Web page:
Nantou Amber: A Tea Tradition Reborn
Taiwan is a melting pot.
In addition to the island's indigenous population, it has become an adopted home for people and traditions from all over mainland China, and it has been influenced by periods of Portuguese, Dutch, and Japanese colonization. The result is a country of many cultures, and a population that has experienced great change while preserving its essential character.
It's no surprise, then, that Taiwan's tea community is rife with experimentation and innovation. Dozens of new styles of tea have been created here, and the government's Tea Research and Extension Station has developed new cultivars and techniques that have made Taiwan's multifaceted oolongs the envy of the tea world.
Nantou Amber is an oolong tea that could only come from Taiwan, but its story begins in Qing Dynasty China, when farmers from Fujian took to the seas in search of greener horizons. Fujian is a region rich in tea cultivation, including the famed Wuyi cliffs. Naturally, farmers brought their local seeds with them, and planted some in their new island home. In contemporary times, with the proliferation of newer cultivars—easier to grow and producing higher yields—relatively few Taiwanese oolongs are made from this heritage stock.
Wuyi cultivars are suited to more intense, multiple periods of roasting than the lighter, greener styles that have come to dominate the oolong market in Taiwan and China. Traditional handmade Wuyi teas made from these cultivars, like Drunken Begonia and Tieluohan, rank among the world's most expensive. They require exceptional skill to grow, process, and roast, and domestic Chinese demand for these teas is as high as the mountains themselves.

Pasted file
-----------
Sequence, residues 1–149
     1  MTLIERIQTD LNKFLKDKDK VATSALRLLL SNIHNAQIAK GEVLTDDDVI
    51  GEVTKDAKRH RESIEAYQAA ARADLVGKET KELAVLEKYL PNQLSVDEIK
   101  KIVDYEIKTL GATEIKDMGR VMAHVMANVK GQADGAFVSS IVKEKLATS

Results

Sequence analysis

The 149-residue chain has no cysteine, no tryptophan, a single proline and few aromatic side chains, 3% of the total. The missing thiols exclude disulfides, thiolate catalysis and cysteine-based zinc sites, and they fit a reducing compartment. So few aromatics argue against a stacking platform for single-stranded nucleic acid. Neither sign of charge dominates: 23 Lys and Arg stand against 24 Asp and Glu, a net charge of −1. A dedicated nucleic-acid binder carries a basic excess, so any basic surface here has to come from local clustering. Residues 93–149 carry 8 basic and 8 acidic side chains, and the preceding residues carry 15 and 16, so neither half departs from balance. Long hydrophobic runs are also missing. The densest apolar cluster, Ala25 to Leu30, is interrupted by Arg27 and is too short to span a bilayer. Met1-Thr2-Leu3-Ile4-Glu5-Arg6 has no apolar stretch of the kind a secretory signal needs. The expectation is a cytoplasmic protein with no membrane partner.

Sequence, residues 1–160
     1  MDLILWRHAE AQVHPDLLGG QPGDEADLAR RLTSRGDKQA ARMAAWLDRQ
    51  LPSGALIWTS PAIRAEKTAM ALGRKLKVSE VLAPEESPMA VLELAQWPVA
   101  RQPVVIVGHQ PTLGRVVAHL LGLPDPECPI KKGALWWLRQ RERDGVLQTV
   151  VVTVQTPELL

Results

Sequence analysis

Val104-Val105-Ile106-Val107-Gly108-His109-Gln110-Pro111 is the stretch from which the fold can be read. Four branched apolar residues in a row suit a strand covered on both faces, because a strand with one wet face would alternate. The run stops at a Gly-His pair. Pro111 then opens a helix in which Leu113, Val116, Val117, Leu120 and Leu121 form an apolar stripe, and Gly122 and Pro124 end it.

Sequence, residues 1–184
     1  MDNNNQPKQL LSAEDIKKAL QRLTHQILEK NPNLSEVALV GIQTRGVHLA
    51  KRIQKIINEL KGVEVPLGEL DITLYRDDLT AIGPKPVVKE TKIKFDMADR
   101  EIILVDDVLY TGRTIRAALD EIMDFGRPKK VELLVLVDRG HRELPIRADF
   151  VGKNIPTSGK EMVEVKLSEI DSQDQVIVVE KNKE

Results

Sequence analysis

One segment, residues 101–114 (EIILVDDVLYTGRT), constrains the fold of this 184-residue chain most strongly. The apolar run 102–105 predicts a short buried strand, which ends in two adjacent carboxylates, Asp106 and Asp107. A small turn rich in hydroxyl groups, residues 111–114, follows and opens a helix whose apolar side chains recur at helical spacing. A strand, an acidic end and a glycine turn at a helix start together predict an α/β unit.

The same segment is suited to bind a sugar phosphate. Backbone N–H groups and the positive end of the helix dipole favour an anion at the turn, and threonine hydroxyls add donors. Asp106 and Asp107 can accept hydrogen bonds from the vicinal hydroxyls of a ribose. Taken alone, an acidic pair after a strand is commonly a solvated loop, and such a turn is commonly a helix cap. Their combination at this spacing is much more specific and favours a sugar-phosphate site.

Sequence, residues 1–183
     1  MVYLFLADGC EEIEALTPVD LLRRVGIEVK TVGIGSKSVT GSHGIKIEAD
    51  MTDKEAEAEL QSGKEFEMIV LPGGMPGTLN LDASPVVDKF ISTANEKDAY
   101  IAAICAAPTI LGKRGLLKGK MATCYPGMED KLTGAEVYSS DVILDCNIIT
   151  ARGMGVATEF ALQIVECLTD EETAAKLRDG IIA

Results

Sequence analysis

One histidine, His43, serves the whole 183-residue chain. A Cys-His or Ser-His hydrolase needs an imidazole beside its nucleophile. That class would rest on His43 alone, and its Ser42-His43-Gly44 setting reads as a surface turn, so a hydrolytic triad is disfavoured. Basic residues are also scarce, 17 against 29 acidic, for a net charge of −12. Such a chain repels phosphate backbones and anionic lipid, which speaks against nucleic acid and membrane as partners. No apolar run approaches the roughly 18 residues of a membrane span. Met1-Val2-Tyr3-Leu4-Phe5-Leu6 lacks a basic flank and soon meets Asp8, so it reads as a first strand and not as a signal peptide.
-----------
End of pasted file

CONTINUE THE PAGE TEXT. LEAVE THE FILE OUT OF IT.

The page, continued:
Nantou Amber, which is crafted from old Wuyi stock in Ming Jian township in the northern part of the country, carries this strong oxidation and roast into the future. Yet it looks nothing like the twisted leaves of classic Wuyi teas. Instead, it follows the modern Taiwanese method of tight ball rolling and the inclusion of some stem, as well as an indelible tropical-fruit note characteristic of many Taiwanese oolongs. As an experimental production from a region well outside Wuyi, processed with efficient modern techniques, Nantou Amber also comes at a much more accessible price.
Over many steepings, aromas of brown sugar, peanut shell, and grapefruit fill the room. It's just the thing to steep in a Taiwanese clay teapot, though we also enjoy it casually brewed in a chawan or thermos. The tea never turns bitter; its rich, smooth character simply deepens over time.
If you enjoy our Nantou Four Seasons, try this tea for a darker sweetness—think floral-infused buckwheat honey drizzled over grilled pineapple. It represents the best of Taiwan's past blending with its future.